Further to our Real Estate e-update of 3 March - A Long-outstanding Rent Review Can Still Pack a Punch - we provide the following update for clarification on the issue of whether the case of Bello v Ideal View alters the law in Scotland as established by the cases of Banks v Mecca Bookmakers (Scotland) Ltd and Waydale Ltd v MRM Engineering:
Bello is an English case and the remarks in that case relating to the rent review could be no more than persuasive in Scottish Courts. Until such time as Banks and Waydale are overruled by a Scottish court, the law as established by those cases will remain good in Scotland.
In brief, Banks and Waydale establish that the position in Scotland is that, where time is not of the essence of a rent review provision, there is a danger that a landlord who does not take steps to effect a rent review will be considered to have abandoned its right to review if it continues to accept rent at the existing rate. For how long a landlord has to continue to accept rent in order to imply abandonment is a matter of fact and circumstance on which no definite advice can be given. In Banks and Waydale the periods were in excess of a year, but there is no saying that a shorter period would not suffice.
Best advice, in Scotland (and in England), from a Landlord's view point will always be to take steps to ensure that there can be no suspicion of abandonment, either by actually seeking to negotiate the review or, at the very least, by writing to the tenant to advise that the landlord is reserving its right to a review at a later date, notwithstanding that it is continuing to accept rent at the existing rate.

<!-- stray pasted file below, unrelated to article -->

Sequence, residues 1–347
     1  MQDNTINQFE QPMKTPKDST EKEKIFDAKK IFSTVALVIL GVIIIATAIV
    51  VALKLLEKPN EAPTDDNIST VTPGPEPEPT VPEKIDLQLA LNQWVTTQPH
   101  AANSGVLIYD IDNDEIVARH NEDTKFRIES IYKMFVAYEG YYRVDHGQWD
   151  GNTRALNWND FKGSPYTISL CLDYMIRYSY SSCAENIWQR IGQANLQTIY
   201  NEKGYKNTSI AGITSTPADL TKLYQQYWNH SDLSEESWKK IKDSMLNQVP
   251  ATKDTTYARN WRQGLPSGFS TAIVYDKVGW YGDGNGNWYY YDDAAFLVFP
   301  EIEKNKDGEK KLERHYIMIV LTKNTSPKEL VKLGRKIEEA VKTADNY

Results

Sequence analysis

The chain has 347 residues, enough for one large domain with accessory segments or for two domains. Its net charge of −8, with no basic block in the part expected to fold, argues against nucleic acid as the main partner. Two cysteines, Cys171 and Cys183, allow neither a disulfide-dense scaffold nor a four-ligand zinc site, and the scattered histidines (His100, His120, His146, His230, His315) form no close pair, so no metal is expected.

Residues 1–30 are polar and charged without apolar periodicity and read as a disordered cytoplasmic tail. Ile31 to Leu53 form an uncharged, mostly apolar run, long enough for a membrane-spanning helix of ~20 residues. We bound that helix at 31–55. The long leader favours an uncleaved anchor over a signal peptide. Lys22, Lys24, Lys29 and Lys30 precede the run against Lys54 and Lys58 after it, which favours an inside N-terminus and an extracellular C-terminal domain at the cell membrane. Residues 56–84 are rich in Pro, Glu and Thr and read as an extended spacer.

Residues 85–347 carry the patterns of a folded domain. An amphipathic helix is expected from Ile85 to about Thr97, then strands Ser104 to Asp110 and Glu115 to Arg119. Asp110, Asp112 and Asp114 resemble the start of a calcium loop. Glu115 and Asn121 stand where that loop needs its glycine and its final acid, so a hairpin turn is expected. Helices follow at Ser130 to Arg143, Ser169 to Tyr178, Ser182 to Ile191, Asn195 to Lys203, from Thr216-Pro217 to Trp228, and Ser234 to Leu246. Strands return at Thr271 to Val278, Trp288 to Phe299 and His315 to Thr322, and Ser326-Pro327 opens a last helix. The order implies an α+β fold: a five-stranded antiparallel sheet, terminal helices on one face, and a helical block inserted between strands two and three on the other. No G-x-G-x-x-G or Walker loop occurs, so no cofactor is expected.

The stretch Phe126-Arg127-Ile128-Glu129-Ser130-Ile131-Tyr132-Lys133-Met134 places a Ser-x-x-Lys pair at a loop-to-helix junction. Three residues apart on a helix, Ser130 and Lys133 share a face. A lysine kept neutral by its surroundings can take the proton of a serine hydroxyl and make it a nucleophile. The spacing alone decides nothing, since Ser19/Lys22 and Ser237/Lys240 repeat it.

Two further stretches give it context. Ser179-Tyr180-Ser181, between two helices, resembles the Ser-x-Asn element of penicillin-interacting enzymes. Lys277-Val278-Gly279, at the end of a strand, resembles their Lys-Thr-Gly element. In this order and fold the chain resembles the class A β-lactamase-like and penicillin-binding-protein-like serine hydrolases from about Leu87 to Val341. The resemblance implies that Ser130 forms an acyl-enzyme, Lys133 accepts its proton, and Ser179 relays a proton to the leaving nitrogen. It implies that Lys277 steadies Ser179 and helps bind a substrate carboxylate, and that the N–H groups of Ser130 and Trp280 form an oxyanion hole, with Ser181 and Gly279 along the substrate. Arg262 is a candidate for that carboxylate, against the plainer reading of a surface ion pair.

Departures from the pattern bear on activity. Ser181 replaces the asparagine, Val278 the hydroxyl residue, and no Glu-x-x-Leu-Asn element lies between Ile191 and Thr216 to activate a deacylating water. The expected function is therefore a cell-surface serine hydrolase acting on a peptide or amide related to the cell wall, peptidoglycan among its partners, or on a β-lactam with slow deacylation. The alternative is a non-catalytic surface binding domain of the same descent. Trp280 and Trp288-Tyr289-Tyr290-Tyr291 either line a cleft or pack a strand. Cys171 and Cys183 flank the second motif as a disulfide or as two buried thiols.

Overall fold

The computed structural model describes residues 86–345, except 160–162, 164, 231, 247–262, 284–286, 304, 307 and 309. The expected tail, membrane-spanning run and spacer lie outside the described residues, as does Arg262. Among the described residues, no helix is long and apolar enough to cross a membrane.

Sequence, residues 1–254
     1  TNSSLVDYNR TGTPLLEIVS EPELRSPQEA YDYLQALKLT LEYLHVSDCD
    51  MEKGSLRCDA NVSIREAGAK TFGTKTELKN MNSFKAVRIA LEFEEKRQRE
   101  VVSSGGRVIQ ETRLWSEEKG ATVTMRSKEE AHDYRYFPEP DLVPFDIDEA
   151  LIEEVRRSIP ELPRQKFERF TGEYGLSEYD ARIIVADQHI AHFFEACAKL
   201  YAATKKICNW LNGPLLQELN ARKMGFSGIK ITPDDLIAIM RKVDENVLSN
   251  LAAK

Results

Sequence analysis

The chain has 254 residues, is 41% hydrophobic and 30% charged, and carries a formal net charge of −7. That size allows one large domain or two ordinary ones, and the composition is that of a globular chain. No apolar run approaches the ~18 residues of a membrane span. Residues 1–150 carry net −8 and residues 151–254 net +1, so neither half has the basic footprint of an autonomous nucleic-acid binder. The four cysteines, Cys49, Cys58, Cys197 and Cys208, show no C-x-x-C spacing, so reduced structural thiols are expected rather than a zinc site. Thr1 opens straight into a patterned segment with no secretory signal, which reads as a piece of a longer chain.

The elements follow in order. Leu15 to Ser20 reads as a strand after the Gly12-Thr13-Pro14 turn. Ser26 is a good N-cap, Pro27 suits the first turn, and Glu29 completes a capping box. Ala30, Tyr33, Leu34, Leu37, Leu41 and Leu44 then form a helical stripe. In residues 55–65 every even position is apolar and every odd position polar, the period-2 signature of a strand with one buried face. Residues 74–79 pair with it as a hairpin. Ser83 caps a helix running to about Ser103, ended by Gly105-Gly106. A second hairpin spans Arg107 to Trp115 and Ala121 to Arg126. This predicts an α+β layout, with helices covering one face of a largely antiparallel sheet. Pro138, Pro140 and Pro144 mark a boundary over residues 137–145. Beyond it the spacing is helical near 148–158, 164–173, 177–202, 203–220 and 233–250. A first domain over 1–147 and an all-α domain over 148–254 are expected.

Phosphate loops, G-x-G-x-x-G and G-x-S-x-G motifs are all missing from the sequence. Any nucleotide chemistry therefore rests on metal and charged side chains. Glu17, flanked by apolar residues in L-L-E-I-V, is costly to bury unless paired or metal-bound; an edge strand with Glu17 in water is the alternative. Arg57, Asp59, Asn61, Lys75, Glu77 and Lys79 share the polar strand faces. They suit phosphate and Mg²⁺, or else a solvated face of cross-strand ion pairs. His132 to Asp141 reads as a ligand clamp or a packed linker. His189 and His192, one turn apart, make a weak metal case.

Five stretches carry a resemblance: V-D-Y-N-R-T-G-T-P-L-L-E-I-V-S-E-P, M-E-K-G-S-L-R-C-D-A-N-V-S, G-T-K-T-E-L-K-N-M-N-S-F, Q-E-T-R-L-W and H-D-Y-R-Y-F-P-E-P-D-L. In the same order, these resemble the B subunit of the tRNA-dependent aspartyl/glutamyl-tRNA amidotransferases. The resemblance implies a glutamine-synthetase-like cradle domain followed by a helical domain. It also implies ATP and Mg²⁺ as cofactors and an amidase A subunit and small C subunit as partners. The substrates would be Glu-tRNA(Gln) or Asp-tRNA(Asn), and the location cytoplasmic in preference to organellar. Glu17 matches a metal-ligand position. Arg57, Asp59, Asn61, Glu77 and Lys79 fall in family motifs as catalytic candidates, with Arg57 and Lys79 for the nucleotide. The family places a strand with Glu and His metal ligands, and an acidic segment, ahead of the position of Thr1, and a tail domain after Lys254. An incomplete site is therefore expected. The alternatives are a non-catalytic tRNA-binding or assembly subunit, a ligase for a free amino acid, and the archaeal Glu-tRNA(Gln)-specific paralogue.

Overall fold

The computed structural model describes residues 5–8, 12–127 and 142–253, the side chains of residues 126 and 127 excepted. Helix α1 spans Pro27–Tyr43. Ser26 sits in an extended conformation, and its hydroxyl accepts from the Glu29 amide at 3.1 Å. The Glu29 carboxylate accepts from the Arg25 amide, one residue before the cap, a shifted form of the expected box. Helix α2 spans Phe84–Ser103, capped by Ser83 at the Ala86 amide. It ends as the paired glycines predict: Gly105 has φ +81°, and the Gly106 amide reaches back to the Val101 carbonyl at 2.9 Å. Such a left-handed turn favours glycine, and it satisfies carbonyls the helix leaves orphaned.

If there is some reason why a landlord does not adopt this approach it is possible that their lease provisions will provide an escape route. Most modern leases contain a clause to the following effect:
No demand for or acceptance of rent by the Landlord at a rate other than that to which the Landlord may be entitled following a review of rent shall be deemed to be a waiver of the right of the Landlord to require a review of the rent nor shall it personally bar the Landlord from requiring such a review.
Such a clause has never been judicially tested and there is no guarantee that it would successfully oust an allegation of abandonment.
From a Tenants' perspective, if acquiring a lease with a long outstanding review it would be sensible not simply to assume that it has been abandoned but to make further investigations.